Organic certification is a certification process for producers of organic food and other organic agricultural products.
Purpose of Organic Certification
Organic certification addresses a growing worldwide demand for organic food. It is intended to assure quality and prevent fraud, and to promote commerce. While such certification was not necessary in the early days of the organic movement, when small farmers would sell their produce directly at farmers’ markets, as organics have grown in popularity, more and more consumers are purchasing organic food through traditional channels, such as supermarkets. As such, consumers must rely on third-party regulatory certification.
For organic producers, certification identifies suppliers of products approved for use in certified operations. For consumers, “certified organic” serves as a product assurance, similar to “low fat”, “100% whole wheat”, or “no artificial preservatives”.
Certification is essentially aimed at regulating and facilitating the sale of organic products to consumers. Individual certification bodies have their own service marks, which can act as branding to consumers—a certifier may promote the high consumer recognition value of its logo as a marketing advantage to producers.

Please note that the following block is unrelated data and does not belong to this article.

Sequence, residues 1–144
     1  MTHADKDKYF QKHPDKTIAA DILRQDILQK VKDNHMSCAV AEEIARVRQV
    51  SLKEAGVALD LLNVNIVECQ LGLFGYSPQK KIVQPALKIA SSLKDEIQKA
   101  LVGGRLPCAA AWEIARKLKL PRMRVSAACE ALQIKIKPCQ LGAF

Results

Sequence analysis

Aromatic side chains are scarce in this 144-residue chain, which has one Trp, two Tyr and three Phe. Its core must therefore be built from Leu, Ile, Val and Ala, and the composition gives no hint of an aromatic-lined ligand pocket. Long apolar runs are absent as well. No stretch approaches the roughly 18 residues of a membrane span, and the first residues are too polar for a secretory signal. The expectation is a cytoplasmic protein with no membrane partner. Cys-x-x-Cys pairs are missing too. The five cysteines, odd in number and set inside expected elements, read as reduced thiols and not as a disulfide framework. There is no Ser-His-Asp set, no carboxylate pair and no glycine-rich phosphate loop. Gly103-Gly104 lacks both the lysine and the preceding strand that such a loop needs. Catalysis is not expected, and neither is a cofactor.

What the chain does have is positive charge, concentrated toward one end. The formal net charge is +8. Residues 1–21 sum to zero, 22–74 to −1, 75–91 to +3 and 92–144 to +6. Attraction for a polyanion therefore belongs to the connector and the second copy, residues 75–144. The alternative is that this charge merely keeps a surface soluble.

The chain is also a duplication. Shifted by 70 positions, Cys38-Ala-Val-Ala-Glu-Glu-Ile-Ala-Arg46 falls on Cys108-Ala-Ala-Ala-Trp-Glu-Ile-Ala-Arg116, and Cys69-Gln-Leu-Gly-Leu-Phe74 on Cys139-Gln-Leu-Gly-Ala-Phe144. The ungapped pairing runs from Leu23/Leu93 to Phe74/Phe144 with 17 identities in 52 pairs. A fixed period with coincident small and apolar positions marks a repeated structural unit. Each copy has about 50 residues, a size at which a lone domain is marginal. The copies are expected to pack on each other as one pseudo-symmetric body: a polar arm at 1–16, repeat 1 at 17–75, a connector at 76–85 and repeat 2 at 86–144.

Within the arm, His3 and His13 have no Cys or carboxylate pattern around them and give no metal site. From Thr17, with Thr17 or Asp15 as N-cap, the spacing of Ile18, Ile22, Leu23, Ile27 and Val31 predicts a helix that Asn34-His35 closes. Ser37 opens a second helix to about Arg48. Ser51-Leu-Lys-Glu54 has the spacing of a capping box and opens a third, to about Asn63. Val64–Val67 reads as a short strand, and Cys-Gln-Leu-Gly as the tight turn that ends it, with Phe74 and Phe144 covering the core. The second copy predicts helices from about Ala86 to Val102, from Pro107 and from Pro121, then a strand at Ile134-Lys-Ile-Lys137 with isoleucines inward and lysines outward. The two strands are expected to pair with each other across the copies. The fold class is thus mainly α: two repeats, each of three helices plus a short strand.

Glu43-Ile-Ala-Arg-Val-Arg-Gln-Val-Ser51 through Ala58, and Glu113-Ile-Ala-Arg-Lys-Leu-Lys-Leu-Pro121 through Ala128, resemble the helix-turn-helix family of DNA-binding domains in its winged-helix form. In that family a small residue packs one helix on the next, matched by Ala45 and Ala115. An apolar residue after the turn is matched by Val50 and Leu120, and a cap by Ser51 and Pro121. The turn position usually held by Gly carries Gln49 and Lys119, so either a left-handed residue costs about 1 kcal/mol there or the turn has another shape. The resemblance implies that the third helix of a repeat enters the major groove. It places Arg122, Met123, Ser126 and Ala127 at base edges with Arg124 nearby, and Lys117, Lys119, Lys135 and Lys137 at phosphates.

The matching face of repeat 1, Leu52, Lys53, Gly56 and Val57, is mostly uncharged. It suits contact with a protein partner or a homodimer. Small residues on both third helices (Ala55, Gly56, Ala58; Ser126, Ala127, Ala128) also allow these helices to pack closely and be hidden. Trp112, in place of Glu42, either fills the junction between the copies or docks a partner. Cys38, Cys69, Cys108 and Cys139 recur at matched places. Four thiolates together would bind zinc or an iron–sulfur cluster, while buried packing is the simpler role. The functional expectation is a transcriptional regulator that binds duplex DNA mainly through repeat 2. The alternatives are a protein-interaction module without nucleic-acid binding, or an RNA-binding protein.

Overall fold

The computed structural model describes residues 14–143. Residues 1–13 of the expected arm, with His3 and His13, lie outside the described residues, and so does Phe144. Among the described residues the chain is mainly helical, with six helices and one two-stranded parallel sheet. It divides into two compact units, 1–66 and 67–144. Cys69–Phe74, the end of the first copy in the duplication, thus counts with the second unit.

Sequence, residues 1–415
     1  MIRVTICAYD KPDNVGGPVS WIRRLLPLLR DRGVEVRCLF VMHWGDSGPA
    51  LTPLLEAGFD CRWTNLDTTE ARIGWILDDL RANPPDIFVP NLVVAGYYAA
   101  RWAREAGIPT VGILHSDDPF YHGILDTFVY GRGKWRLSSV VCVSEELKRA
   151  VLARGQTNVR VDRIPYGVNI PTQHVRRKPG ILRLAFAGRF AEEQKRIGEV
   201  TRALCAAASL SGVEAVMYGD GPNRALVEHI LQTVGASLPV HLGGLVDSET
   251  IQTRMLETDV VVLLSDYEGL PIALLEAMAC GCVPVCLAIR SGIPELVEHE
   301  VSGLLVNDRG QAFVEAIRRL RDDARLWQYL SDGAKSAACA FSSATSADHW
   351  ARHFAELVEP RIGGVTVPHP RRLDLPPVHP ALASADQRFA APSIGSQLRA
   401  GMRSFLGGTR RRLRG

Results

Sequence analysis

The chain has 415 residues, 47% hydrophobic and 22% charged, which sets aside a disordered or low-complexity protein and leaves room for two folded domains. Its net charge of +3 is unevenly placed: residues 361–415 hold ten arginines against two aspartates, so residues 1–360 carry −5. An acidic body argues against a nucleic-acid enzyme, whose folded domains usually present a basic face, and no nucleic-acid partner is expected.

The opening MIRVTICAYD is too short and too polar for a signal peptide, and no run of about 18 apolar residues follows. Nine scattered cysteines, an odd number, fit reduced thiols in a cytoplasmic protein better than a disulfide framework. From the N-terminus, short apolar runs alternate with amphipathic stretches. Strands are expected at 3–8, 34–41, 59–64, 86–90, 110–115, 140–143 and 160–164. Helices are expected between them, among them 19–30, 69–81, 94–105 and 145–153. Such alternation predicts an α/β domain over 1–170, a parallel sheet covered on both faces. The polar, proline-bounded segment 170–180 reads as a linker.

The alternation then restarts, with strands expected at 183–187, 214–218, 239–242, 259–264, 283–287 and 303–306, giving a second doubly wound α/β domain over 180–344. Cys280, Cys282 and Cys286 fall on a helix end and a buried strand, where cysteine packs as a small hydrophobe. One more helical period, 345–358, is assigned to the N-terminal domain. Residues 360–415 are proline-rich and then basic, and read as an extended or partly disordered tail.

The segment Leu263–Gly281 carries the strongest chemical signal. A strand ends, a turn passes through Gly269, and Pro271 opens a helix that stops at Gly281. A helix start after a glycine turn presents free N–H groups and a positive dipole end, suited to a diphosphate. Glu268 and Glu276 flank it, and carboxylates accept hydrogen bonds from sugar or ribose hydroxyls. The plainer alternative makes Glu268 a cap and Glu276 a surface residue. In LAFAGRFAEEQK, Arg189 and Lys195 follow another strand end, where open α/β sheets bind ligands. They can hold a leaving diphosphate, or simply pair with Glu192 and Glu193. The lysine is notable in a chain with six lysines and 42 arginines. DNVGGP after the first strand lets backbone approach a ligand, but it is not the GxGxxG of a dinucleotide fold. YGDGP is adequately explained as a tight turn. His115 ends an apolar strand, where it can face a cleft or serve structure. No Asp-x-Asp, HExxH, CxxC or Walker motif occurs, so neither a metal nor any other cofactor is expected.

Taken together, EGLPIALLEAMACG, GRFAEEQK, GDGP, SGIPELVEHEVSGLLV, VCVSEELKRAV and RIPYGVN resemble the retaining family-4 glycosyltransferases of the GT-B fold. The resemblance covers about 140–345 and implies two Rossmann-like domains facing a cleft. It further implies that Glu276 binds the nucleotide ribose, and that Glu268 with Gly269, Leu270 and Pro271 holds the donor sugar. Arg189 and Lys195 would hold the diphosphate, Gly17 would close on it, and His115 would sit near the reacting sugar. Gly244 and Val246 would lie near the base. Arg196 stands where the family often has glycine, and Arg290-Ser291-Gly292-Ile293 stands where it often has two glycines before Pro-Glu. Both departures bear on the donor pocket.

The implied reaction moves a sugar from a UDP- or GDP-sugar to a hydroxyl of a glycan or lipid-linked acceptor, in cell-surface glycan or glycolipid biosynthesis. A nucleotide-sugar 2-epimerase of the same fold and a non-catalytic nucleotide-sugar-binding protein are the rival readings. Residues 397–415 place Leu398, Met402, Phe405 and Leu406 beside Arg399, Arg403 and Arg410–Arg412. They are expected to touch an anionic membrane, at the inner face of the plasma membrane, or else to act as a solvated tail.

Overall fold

Requirements during Organic Certification
Requirements vary from country to country (List of countries with organic agriculture regulation), and generally involve a set of production standards for growing, storage, processing, packaging and shipping that include:
- · avoidance of synthetic chemical inputs (e.g. fertilizer, pesticides, antibiotics, food additives), irradiation, and the use of sewage sludge;
- · avoidance of genetically modified seed;
- · use of farmland that has been free from prohibited chemical inputs for a number of years (often, three or more);
- · for livestock, adhering to specific requirements for feed, housing, and breeding;
- · keeping detailed written production and sales records (audit trail);
- · maintaining strict physical separation of organic products from non-certified products;
- · undergoing periodic on-site inspections.
Organic Certification For Whom
In general, any business directly involved in food production can be certified, including seed suppliers, farmers, food processors, retailers and restaurants.
A lesser known counterpart is certification for organic textiles (or Organic clothing) that includes certification of textile products made from organically grown fibres.
Benefits of Organic Certification Certification
Becoming certified organic helps producers and handlers:
- Receive premium prices for their products
- Access fast-growing local, regional, and international markets
- Support local economies
- Access additional funding and technical assistance
- Market products to consumers